TheUpcycle_featuredimage“Being less bad is not good.” This is a major theme of Cradle to Cradle, written by architect William McDonough and former Greenpeace chemist Dr. Michael Braungart back in 2002.

The book arrived like a tidal wave on the green movement and exposed the categorical deficiencies and uselessness of tags like, “reduce, reuse, recycle.” The problem highlighted in the 2002 book is not that we need to simply damage the environment less but, even worse, we lack the entrepreneurial creativity and innovation to design products that actually make the natural world better after their initial use. Eleven years later, McDonough and Braungart move the conversation forward and provide a framework to think differently in their new book, The Upcycle: Beyond Sustainability—Designing For Abundance.

There isn’t space here to review the entire book but the introduction and first chapter alone are enough to challenge the ongoing hegemonic perspective that sees human action as an environmental liability rather than seeing human action, as McDonough and Braungart suggests, as an asset to the flourishing of all life. First, the authors challenge readers to see the world as space teaming with abundance instead of finite resources. Just as plant and animal waste are actually complimentary nutrients in an ecosystem we should begin to think creatively about how the by-products of our manufacturing processes can become “technical nutrients” to other processes. Human action creates opportunities for positive cultivation.

Second, the authors explain that government regulations signal that a product is not designed well. Government regulations will not be needed if the by-products of our manufacturing processes and consumer product usage actually makes a positive contribution to natural ecosystems. Government regulations do not foster innovation and only encourage us to be “less bad.” Minimizing negative impact, “is insufficient as a strategy because it encourages us to stick with what is poorly designed–just to try to do less of it,” the authors note. With more innovation, “government regulations drop away when there are no ill effects to minimize.” We can do better than being “less bad.”

Third, human activity adds to the flourishing of the natural world. Humans are not mere consumers of nature but we contribute to its flourishing through our creative stewardship. We need to stop believing the prevailing green movement rhetoric that humans need to leave a smaller footprint in nature. Since humans are creative and innovative we need to think about leaving a much larger and intentional footprint for generations to come. For example, the authors note, saving water and energy has less and less to do with being positively environmental in terms of human action adding to the flourishing of the natural world. Conserving doesn’t make things better.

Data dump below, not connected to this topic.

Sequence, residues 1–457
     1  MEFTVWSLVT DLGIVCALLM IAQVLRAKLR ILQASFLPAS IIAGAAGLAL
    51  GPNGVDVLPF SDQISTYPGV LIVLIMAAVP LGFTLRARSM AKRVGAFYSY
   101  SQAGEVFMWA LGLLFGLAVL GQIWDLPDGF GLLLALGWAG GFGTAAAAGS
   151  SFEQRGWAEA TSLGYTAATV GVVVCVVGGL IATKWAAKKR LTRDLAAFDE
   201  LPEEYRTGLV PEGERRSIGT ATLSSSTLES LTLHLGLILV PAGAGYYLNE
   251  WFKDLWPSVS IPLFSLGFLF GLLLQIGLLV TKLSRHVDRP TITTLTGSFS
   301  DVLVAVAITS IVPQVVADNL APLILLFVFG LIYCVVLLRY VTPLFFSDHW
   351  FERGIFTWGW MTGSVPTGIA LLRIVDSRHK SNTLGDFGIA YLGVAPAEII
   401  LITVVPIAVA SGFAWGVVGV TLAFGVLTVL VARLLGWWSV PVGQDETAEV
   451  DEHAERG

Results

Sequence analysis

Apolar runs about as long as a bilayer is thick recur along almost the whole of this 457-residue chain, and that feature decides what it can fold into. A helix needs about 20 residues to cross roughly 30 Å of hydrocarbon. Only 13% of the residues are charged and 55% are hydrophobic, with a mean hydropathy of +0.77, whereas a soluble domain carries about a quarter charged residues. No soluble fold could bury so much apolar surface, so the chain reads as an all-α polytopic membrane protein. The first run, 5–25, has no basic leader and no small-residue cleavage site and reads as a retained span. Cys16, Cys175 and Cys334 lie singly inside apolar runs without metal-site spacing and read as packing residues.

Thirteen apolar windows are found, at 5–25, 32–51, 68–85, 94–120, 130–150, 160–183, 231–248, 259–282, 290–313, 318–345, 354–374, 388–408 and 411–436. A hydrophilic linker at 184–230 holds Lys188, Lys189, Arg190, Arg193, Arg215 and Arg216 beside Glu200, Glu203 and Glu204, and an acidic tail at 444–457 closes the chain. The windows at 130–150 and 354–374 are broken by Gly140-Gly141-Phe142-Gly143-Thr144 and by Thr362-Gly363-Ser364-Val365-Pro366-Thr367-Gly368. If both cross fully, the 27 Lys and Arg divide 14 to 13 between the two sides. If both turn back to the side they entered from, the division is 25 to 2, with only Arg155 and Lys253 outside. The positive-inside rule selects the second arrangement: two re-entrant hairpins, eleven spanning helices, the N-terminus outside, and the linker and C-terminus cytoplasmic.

Finally, we need to avoid the trappings of the what McDonough and Braungart call “ecologism.” The authors define this as “the strident metrics and mandates intended to “help” the environment that do not actually support ecologies or commerce.” We see ecologism, for example, in America’s recycling industry and programs. They are neither beneficial to nature, because they are manufacturing processes themselves and can be harmful to the environment, nor do they move the economy forward. McDonough and Braungart observe,

Even though environmental efforts are often well-meaning, ecologism can be tyrannical: Its laws may only mandate that we save energy and water, minimizing the negative effects of poor design—in other words, ‘green-washing’ the dirty laundry a bit.” Under this dictatorship of ecologism, we see more codes and standardization, more regulation that stunts economic growth and incentive, more limiting of consumer choices. . .[in extremes] only saving resources would matter and quality of life would be secondary.

The prevailing green movement has totally bought into ecologism and so have many religious leaders because they view human persons primarily as the cause of environmental degradation rather than human persons as reservoirs of environmental sustainability. Some readers will be surprised to find that former President Bill Clinton writes the forward for the book because he gets it: being less bad is not good and ever-expanding government regulations will not get us there. What is needed are the economic and political conditions that encourage entrepreneurs and designers to redesign how we make things.

In the end, McDonough and Braunhart hope to move us beyond thinking of humans as sources of negative footprints and promote the human population explosion “as a success story.” That is, with more people in the world we have an even greater opportunity “to put forth a design model based on thriving people sharing the present with the future.” Human flourishing is for the flourishing of all life.